WASHINGTON – The Treasury Department's suspension of sales of state and local government series securities appears likely to continue into September. But market participants say they have been able to do without SLGS because interest rates are low and there is little or no likelihood of earning arbitrage.

The suspension is one of the extraordinary measures Treasury is taking to avoid breaching the nation’s debt limit.

Treasury generally sells between $5 billion and $12 billion of these securities each month, according to a March report by the Congressional Budget Office.


U.S. Treasury building
This is the tenth time the SLGS window has been closed since 1995. Fotolia

Treasury is also taking other measures. It has suspended contributions to the Civil Service Retirement and Disability Fund and the Postal Service Retiree Health Benefits Fund that are not immediately needed to pay beneficiaries. And it has stopped investments in the Government Securities Investment Fund (G Fund) of the Federal Employees' Retirement System.

State and local government series securities, referred to as SLGS, are non-marketable special purpose securities purchased by state and local governments to avoid violating federal arbitrage laws and regulations. Issuers most often use SLGS as alternatives to open-market Treasuries for advance refunding escrows as SLGS' maturities can be tailored to those of the bonds being refunded. But issuers can invest bond proceeds in them for other purposes as well.

The SLGS window was closed on March 15.

“We’d rather have the window open but so far we haven’t seen any significant problems,’’ said Thomas D. Vander Molen, a partner at Dorsey & Whitney in Minneapolis. “It is preferable and easier to be able to buy SLGS.’’

With Treasury rates well below muni rates for several years, the refund requirement hasn’t been a problem, say bond attorneys.

“Where the average bond yield is somewhere between 3% and 5% and the investments are barely breaking 1%, I hope that the IRS isn’t going to go looking in the bushes for arbitrage,’’ David A. Caprera, of counsel at Kutak Rock in Denver said in an email. “Because if they do, they might find Sean Spicer but they are unlikely to find any ill-gotten gains.’’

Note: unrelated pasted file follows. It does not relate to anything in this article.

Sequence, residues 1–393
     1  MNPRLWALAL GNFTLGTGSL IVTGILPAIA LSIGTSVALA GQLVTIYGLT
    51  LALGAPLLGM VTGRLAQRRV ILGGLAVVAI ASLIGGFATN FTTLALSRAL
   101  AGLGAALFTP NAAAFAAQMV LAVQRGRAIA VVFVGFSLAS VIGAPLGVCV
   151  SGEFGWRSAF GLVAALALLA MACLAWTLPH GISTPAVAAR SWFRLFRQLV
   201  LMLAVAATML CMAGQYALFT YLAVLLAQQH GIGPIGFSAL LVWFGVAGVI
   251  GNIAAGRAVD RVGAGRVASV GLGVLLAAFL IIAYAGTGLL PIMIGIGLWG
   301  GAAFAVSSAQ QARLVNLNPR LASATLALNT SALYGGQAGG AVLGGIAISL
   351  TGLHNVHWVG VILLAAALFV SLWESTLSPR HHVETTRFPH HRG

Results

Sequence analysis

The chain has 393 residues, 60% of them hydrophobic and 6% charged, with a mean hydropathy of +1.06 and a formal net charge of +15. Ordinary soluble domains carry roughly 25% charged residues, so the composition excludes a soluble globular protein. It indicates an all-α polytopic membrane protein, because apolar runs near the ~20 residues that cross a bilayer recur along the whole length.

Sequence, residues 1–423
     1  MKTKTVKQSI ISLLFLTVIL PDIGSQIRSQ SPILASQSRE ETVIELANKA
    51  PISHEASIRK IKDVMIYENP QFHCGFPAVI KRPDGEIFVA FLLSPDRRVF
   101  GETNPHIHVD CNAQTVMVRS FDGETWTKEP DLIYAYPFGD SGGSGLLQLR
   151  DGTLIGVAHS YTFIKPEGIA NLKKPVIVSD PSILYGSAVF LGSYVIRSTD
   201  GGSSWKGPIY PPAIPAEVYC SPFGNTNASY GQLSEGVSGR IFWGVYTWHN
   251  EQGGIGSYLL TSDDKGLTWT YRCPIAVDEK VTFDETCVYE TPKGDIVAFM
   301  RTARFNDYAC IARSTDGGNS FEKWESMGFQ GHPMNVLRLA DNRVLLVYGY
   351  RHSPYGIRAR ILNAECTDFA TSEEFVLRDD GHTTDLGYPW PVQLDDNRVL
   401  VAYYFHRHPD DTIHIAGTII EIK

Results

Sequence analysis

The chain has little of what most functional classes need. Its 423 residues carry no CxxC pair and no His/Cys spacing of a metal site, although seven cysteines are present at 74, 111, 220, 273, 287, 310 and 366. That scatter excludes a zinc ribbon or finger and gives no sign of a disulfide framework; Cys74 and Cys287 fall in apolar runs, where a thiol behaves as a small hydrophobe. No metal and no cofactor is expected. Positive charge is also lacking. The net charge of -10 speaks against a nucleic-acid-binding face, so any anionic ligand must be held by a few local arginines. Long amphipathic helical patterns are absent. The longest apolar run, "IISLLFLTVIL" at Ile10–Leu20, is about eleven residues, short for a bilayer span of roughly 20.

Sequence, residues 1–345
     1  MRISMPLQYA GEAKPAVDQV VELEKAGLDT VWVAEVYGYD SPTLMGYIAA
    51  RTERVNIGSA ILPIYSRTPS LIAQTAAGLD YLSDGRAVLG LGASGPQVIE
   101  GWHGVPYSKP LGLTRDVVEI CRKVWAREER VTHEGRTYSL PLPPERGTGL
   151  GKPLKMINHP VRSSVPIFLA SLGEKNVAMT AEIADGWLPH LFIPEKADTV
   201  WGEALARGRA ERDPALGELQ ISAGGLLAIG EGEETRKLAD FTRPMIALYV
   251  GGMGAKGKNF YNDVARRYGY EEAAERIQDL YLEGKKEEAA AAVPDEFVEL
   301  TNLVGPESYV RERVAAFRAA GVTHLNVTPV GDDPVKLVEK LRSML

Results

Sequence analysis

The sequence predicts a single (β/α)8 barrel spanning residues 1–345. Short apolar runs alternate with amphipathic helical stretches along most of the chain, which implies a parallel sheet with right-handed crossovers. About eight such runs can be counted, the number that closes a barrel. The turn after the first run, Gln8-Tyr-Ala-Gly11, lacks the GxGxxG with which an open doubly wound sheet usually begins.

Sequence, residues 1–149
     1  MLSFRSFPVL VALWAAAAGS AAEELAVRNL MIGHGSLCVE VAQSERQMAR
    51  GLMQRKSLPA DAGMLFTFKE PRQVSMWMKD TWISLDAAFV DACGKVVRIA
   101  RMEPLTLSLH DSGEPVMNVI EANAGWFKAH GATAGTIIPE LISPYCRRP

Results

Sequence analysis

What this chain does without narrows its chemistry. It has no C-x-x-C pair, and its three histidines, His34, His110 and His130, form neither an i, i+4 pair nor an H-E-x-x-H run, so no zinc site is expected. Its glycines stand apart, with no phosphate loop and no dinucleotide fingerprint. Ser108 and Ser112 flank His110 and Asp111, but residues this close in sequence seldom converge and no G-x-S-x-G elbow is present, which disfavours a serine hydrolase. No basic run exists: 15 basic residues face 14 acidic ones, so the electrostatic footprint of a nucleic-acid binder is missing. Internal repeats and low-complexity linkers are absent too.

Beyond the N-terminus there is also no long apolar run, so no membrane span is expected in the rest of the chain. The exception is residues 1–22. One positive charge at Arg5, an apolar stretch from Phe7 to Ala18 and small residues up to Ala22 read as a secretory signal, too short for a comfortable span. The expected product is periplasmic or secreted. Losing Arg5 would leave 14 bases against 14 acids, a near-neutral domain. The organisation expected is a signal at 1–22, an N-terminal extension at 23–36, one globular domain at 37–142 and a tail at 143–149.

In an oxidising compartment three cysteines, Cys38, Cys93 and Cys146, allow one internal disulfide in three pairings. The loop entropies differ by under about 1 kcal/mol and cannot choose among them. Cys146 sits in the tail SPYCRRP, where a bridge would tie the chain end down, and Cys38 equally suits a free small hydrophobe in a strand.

Linda Schakel, a former Treasury official and partner at Ballard Spahr here, said the suspension of SLGS sales has occurred “fairly regularly.’’

The SLGS window has been closed nine times since 1995, according to Treasury: October 18, 1995 to March 28, 1996; May 15 to July 7 in 2002; Feb. 19 to May 26 in 2003; Oct. 14 to Nov. 21 in 2004; Feb. 16 to March 16 in 2006; Sept. 27-28 in 2007; May 6 to Aug. 1 in 2011; Dec. 28, 2012 to Feb. 4 in 2013; and May 17 to Oct. 16 in 2013.

Bond attorneys say there’s been no significant disruption to the municipal bond market since the SLGS sales were suspended, but they would prefer a return to normal.

“Right now it’s just a bit of an inconvenience, but not a disaster,’’ Schakel said.

“It’s gone through pretty smoothly,’’ agreed Sam Gruer, managing director at Cityview Capital Solutions in Millburn, N.J. “There really has been no hiccup. There have been enough bidders.’’

Treasury’s arbitrage rules contain a safe harbor under which the department will not question the price of investments if the issuer, among other requirements, obtains at least three bids from disinterested investment providers.

Getting to back to normal is problematic because it will require both chambers of Congress and the Trump administration to strike a deal on the debt limit. Treasury Secretary Steven Mnuchin has said he wants Congress to raise the debt limit by the end of July. But Office of Management and Budget director Mick Mulvaney reportedly wants spending reforms included in any such measure.

Congress returns for legislative work next week with only a seven-week window to avoid rattling financial markets with the specter of a possible default.

Administration officials said they had until the fall to deal with the debt limit. But Congressional Budget Office estimates of lower-than-expected revenues may mean that date comes sooner. The CBO recently reported that receipts for the first seven months of fiscal year 2017 totaled $1.928 trillion, which was $60 billion to $70 billion less, or 3% smaller, than it had expected when it published its January 2017 report.

CBO will release its estimate of May tax revenues on June 7, giving lawmakers and investors a clearer picture on how soon a hike in the debt limit is needed to avoid a default.

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